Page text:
Border wall prototypes stand in San Diego near the Mexico-U.S. border, seen from Tijuana, Mexico last month, where the current wall casts a shadow in the foreground. (Moises Castillo/AP)

The current fight — and now 20-day federal government shutdown — over funding for a U.S.-Mexico border wall could look simple when you consider the logistics of actually building the fabled barrier: It would take an estimated 10,000 construction workers more than 10 years to build the kind of 1,000-mile wall President Trump has said he wants.

Even the more modest $5.7 billion in wall funding Trump directly requested during a prime time Oval Office address Tuesday to address what he called “a growing humanitarian and security crisis” would take an army of 10,000 workers more than two years to build and yield only 230 miles of barrier, according to estimates.

And even at 1,000 miles long, the steel-slatted border wall would still be too small to be a boon for U.S. steelmakers.

The full version of Trump’s envisioned border wall — featuring rarely tested heights cast over almost unimaginable distances — would cost at least $25 billion, said Ed Zarenski, who teaches construction estimation at Worcester Polytechnic Institute in Massachusetts. Zarenski spent 30 years figuring out project price tags for Gilbane, one of the nation’s largest construction firms.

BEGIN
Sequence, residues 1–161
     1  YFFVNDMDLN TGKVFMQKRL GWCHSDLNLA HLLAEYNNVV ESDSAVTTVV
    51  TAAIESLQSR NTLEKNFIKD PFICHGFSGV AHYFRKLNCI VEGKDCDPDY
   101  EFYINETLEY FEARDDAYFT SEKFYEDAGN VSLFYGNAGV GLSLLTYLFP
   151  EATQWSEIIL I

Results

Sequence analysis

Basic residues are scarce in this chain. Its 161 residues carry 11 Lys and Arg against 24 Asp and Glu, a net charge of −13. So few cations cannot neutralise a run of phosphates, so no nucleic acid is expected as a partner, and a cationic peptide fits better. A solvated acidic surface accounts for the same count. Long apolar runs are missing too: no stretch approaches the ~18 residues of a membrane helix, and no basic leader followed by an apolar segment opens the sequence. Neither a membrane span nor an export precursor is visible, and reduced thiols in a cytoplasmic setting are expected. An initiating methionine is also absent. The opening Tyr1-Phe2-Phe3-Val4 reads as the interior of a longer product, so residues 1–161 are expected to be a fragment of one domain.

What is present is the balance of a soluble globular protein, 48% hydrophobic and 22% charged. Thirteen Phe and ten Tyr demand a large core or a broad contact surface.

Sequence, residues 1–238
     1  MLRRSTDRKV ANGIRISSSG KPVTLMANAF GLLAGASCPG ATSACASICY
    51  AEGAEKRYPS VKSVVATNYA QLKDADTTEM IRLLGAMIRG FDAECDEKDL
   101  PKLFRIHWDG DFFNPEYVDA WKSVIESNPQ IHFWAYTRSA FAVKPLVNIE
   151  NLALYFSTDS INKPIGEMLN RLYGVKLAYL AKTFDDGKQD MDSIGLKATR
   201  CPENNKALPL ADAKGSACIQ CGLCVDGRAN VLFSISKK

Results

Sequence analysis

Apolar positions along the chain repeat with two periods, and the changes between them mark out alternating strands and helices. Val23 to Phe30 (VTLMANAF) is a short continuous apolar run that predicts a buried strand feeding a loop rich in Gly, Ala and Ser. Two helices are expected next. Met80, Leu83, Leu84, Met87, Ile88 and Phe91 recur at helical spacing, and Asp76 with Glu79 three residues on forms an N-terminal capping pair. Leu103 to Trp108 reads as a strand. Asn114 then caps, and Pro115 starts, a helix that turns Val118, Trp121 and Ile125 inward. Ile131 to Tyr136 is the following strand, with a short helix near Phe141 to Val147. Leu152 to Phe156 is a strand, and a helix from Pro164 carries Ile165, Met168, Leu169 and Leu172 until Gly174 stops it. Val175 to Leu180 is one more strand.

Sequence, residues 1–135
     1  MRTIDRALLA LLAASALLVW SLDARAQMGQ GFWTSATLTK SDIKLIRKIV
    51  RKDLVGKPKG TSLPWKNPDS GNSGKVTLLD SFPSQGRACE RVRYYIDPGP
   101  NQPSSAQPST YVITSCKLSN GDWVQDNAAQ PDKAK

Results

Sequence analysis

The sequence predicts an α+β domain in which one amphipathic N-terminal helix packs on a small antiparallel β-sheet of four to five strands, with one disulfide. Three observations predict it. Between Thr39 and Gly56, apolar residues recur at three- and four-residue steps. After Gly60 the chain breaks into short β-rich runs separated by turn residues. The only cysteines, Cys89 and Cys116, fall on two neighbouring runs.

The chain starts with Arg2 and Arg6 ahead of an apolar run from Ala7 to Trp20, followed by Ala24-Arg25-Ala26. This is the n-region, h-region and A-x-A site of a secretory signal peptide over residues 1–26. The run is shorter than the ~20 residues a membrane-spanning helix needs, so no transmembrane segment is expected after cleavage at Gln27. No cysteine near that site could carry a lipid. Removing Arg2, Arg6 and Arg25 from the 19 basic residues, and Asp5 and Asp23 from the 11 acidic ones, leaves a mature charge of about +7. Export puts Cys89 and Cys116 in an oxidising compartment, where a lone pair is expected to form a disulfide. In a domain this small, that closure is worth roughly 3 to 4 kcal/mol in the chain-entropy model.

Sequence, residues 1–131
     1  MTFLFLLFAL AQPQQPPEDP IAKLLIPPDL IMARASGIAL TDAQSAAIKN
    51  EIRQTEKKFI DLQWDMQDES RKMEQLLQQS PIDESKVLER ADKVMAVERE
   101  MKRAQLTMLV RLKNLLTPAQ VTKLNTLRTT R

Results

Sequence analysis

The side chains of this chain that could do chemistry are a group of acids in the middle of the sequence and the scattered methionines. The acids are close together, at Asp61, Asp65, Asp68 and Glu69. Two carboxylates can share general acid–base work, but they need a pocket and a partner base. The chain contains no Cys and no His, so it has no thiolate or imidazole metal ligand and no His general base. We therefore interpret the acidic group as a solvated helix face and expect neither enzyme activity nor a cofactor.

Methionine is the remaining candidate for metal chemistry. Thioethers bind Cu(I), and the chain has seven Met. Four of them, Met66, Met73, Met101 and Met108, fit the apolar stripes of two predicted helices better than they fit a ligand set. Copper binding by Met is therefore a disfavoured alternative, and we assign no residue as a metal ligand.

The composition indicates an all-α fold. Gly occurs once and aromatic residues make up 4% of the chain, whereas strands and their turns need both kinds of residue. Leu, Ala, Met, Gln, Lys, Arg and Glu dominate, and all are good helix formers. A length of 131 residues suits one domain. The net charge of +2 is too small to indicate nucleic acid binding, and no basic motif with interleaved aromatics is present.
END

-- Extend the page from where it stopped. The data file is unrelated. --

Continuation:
“I wouldn’t say it’s impossible. But you’ve got to factor in engineering considerations,” Zarenski said. “And then I would say, is the project realistic? Probably not.”

After almost two years of Trump demanding Congress fund his desire for an expanded southern border wall, little time has been spent determining how the project might actually come together. A project of this scale has rarely been attempted — not even by the developer-president himself when he was erecting New York skyscrapers.

Borderline: Navigating the invisible boundary and physical barriers that define the U.S.-Mexico border

The border’s landscape is uniquely remote and difficult. The project site is narrow and runs for miles. And there are unknowns, such as the maximum wind load for a fence reaching about three stories high.

The wall design currently favored by Trump appears to make heavy use of steel — which the president said would be good for the U.S. steel industry. About 3 million tons of steel would be needed for 1,000 miles of steel-slat wall and concrete base, according to Zarenski’s calculations, which factored in 8-inch hollow steel tubes standing 30-feet high and spaced every 14 inches.

But the demand for that steel would not land all at once. It would be stretched over the project’s life. If it took an optimistic 10 years to build, the wall would require less than half a percent of the annual U.S. appetite for finished steel.

The wall “would have a very limited impact for U.S. steelmakers,” said Josh Spoores, a steel analyst with the research firm CRU. 

Trump has made supporting the U.S. steel industry one of his administration’s focal points. Last year, his administration slapped tariffs on steel imported into the United States, ostensibly to help domestic steelmakers. But the steel tariff also has hurt U.S. manufacturers who use steel and must contend with increased prices, said Jim Doyle, of the industry trade group Business Forward.

“Trump is disrupting the auto industry and other manufacturers in order to help steel, a much smaller, less important industry,” Doyle said.